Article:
John Cullen 1838 - 1914

Clergyman poet - Curate St Mary the Virgin, Bottesford 1869 - 1874

The grave of Leontine, John and Frederick Cullen, St. Mary the Virgin Churchyard, Bottesford
The grave of Leontine, John and Frederick Cullen, St. Mary the Virgin Churchyard, Bottesford
Inscription
Inscription
John Cullen 1838 - 1914
Church of St Mary the Virgin, Bottesford.
Church of St Mary the Virgin, Bottesford.
John Cullen 1838 - 1914
John Cullen 1838 - 1914
The Glebe House, or The Manse, Bottesford,where John Cullen lived, stands on the junction of Rectory Lane and Chapel Street
The Glebe House, or The Manse, Bottesford,where John Cullen lived, stands on the junction of Rectory Lane and Chapel Street

John Cullen, clergymen and poet, is buried with his wife and infant son in Bottesford Churchyard. He was born and educated in Ireland. From 1867 – 1869 he was curate at Knipton, where he married a German woman, Leontine Dordinger. In 1869, he became Canon Norman’s curate at Bottesford and published Horae Poeticae, a collection of poems he had written in his youth. The 1871 census records John Cullen as living with his wife and 8 month-old daughter, Evelyn, in Chapel Street, presumably at the Glebe House, or Manse. They employed one servant, Eliza Challands, from Muston. The Cullens had three children, but one, Frederick Adelph, died in 1872, when only six months old. He was buried in Bottesford. This is presumably why Leontine Cullen, who died in 1906, and later John Cullen himself, were buried here.

In 1874 John Cullen became Vicar of Radcliffe on Trent, where he remained until his death in 1914. He continued to write poetry, but locally was more famous for his forthright personality and energetic evangelism. He established several missions in the area, rebuilt and enlarged St Mary’s, Radcliffe and campaigned for better public health after the deaths of a large number of children from scarlet fever, unintentionally making the village the focus of negative publicity. His parishioners remember his white beard, flat, clerical hat and the wicker-sided trap he drove.  He was generally regarded as a benevolent, patriarchal figure.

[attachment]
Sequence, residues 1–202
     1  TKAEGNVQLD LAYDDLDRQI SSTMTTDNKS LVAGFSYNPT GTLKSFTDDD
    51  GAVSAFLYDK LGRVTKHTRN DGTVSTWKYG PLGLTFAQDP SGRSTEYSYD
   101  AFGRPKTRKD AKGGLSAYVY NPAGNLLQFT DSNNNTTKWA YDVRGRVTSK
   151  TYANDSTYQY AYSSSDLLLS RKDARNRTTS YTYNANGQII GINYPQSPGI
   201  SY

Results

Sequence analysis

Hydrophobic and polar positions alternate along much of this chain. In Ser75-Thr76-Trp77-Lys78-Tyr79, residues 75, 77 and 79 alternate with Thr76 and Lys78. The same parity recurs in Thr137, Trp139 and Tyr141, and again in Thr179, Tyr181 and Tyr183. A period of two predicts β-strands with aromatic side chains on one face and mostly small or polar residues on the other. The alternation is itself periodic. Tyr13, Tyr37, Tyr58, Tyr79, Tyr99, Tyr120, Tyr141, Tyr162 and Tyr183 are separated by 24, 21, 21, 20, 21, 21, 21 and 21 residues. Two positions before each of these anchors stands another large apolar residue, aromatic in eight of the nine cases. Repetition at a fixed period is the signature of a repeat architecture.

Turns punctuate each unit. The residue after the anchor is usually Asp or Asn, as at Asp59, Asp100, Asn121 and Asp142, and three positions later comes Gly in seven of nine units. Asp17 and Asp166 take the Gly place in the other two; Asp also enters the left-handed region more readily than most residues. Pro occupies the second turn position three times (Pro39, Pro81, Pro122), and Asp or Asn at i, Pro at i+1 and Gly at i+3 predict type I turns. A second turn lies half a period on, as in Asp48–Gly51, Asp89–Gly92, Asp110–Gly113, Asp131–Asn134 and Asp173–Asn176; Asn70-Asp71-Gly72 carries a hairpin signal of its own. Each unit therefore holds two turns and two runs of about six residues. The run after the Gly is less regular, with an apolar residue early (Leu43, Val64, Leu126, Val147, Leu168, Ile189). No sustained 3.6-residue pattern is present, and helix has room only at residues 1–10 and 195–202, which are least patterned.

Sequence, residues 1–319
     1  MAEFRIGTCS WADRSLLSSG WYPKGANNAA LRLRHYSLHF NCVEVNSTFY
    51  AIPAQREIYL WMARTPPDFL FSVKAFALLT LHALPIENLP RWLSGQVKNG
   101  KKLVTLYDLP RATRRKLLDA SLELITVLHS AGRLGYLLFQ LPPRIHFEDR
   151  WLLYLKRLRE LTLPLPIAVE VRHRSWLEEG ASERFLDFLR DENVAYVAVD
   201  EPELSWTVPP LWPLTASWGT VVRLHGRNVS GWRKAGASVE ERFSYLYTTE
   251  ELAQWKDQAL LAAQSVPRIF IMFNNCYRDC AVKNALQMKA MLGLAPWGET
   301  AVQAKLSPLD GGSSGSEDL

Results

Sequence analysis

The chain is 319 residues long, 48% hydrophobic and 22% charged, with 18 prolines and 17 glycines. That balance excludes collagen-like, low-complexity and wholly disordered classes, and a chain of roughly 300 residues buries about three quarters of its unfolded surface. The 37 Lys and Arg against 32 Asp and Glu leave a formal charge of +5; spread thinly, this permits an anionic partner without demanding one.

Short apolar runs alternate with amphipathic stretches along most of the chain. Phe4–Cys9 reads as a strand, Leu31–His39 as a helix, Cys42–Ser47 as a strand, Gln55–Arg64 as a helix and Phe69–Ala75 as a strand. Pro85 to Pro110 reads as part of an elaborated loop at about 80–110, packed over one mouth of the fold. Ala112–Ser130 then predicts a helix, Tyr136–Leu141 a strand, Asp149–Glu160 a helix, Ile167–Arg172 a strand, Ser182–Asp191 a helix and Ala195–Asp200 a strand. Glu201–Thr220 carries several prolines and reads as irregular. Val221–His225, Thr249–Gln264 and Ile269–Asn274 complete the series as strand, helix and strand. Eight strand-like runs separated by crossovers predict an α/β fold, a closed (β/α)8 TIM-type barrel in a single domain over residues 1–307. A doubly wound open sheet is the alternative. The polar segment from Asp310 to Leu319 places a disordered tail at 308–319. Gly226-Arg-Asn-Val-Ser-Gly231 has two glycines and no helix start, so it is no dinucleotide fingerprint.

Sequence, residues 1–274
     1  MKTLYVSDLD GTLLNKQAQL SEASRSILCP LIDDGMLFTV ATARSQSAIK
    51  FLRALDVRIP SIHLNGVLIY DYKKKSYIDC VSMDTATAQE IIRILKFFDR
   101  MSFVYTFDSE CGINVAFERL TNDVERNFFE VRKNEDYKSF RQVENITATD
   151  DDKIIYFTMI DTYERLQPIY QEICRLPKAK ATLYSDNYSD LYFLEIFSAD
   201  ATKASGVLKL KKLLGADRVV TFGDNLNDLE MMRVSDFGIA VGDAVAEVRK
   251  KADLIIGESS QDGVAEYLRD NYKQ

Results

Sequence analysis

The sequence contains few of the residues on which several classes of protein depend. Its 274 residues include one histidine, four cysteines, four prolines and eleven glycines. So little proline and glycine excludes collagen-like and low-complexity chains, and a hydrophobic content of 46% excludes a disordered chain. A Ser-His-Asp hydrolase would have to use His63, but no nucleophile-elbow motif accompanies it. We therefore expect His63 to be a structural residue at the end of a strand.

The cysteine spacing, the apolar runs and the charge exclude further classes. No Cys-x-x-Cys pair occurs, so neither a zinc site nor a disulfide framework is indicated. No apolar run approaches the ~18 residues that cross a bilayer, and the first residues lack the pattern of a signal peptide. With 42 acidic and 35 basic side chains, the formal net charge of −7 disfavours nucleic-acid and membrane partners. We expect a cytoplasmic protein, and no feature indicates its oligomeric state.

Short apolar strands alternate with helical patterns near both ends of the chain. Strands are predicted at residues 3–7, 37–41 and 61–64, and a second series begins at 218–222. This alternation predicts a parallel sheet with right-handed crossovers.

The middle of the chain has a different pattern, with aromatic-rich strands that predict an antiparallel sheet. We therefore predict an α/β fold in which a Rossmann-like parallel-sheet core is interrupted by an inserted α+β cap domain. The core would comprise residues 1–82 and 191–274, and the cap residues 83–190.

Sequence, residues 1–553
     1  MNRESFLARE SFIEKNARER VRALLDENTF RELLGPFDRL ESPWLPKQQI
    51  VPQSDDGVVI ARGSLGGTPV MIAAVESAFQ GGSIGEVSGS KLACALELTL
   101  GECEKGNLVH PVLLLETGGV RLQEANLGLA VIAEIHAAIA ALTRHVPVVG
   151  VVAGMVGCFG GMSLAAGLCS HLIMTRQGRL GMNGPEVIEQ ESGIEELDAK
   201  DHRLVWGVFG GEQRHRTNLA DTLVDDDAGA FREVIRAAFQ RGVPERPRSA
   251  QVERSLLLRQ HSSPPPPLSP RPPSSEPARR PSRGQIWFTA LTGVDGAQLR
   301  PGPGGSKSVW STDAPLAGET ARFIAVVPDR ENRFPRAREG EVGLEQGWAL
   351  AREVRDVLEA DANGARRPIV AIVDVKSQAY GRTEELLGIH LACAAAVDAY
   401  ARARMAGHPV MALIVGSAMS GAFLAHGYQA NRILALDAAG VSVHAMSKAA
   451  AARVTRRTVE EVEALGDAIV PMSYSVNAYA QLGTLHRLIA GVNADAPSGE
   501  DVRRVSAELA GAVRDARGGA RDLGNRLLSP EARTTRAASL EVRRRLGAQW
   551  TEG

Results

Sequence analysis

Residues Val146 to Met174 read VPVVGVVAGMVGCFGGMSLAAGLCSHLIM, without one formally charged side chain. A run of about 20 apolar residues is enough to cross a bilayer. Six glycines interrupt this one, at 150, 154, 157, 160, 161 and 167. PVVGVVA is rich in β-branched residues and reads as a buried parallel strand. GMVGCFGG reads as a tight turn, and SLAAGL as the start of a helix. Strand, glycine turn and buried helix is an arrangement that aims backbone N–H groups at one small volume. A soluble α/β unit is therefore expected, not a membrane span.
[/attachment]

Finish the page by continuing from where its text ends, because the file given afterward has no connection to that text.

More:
Apart from Hymns and Sacred Songs, Cullen wrote poetry in a range of forms. The blank verse debate/drama, Ian and Edric is set variously on the seashore, in a Swiss Valley, in a large saloon, on the banks of the Trent, in Hades and in Paradise:

Scene – A Country Near a Forest – Ian and Edric witness a storm

Ian The low wind wails with moaning, piteous sound,

The thunder mutters, lightenings flash in rage.

The influence of Wordsworth is clear in the rustic narrative The Harvest Bride, or An English Idyll

It had been hot and sultry all the day

But now the heat was less; a pleasant warmth